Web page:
Automatic parachute to control descent of both pilot and aircraft

France

1911

Monsieur Gaston Hervieu

via Baptiste Bourdes

Close up photograph showing the "manikin" in the position adopted for the activation of the automatic parachute system. The harness arrangement suggests that the extraction of the pilot and his seat from the aircraft were envisaged.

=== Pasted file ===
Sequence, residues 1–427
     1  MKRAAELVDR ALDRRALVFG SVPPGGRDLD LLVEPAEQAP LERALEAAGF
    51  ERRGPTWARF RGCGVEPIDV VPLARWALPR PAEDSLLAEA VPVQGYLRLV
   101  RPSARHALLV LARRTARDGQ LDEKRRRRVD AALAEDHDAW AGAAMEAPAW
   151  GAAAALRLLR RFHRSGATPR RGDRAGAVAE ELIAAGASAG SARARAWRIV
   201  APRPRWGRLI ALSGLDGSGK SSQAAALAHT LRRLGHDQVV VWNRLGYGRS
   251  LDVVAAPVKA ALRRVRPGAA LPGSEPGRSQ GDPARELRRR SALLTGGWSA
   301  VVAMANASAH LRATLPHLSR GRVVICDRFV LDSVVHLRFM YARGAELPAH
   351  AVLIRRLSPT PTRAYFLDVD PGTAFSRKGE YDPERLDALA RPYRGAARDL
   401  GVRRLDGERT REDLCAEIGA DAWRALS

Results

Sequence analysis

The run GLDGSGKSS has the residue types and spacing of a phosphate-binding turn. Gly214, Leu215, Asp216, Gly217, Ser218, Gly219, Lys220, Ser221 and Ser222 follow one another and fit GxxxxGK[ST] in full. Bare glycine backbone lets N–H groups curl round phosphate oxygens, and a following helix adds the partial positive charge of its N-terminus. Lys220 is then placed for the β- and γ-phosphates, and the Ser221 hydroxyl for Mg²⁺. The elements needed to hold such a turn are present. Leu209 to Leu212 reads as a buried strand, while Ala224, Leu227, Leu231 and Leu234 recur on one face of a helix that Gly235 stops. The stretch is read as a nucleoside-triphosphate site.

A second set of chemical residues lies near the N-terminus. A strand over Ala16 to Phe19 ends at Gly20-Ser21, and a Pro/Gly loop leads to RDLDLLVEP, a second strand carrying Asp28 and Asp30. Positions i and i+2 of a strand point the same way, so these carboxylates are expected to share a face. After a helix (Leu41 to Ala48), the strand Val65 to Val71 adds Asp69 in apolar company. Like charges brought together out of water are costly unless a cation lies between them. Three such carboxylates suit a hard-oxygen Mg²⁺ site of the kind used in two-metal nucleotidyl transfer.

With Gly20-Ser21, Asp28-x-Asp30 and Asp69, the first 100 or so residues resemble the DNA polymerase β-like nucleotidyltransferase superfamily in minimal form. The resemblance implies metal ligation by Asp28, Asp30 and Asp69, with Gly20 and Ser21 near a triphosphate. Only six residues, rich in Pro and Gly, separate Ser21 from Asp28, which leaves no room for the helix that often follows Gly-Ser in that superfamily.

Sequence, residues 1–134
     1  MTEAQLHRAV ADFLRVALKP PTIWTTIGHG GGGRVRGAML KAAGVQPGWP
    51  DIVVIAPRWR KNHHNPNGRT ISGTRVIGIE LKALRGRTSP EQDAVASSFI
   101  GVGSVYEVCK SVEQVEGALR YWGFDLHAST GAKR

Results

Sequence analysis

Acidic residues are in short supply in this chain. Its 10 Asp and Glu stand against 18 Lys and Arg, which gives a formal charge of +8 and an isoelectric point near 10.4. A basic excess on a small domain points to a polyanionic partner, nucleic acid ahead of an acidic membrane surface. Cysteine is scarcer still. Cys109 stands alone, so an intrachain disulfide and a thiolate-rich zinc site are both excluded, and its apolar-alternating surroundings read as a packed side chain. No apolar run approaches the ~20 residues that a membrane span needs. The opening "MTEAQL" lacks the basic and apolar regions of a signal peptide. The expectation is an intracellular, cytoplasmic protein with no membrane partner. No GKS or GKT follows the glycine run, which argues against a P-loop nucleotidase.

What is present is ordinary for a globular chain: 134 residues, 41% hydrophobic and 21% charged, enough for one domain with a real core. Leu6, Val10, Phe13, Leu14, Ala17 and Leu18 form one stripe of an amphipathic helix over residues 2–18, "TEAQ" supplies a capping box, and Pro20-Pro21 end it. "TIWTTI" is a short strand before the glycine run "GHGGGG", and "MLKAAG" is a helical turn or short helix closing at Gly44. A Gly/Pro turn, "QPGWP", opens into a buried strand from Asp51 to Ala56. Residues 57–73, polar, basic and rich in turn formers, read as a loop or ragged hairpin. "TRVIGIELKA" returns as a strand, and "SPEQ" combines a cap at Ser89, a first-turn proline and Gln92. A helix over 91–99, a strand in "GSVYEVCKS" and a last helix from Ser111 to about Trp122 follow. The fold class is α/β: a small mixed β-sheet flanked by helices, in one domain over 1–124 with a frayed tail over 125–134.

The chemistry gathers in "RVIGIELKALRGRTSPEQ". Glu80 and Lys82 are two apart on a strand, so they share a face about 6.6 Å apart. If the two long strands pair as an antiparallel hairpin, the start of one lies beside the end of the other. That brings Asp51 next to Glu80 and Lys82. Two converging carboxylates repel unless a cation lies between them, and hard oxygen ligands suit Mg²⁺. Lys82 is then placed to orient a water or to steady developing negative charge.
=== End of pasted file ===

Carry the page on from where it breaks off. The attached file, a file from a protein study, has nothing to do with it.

The automatic parachute, the invention of monsieur Gaston Hervieu, for automatically checking the speed of a falling aeroplane in the event of an unexpected mishap. Experiments were conducted using this apparatus during late 1910 and early 1911 from the Eiffel Tower using a dummy aeroplane and a manikin. These tests proved successful. Weighing about 15lbs in total, the parachute, connected to a folding trapeze to the rear of the pilot's seat, is released and spread by a simple lever. The resultant fall was checked to about 9 feet per second. In April 1912 Hervieu then living at 33, rue Lamarck, Pans, Paris submitted a patent to improve the opening qualities of his parachutes. The housing for the parachute is very similar to that used two years later when Pegoud performed his "aerial descent" from a Bleriot monoplane.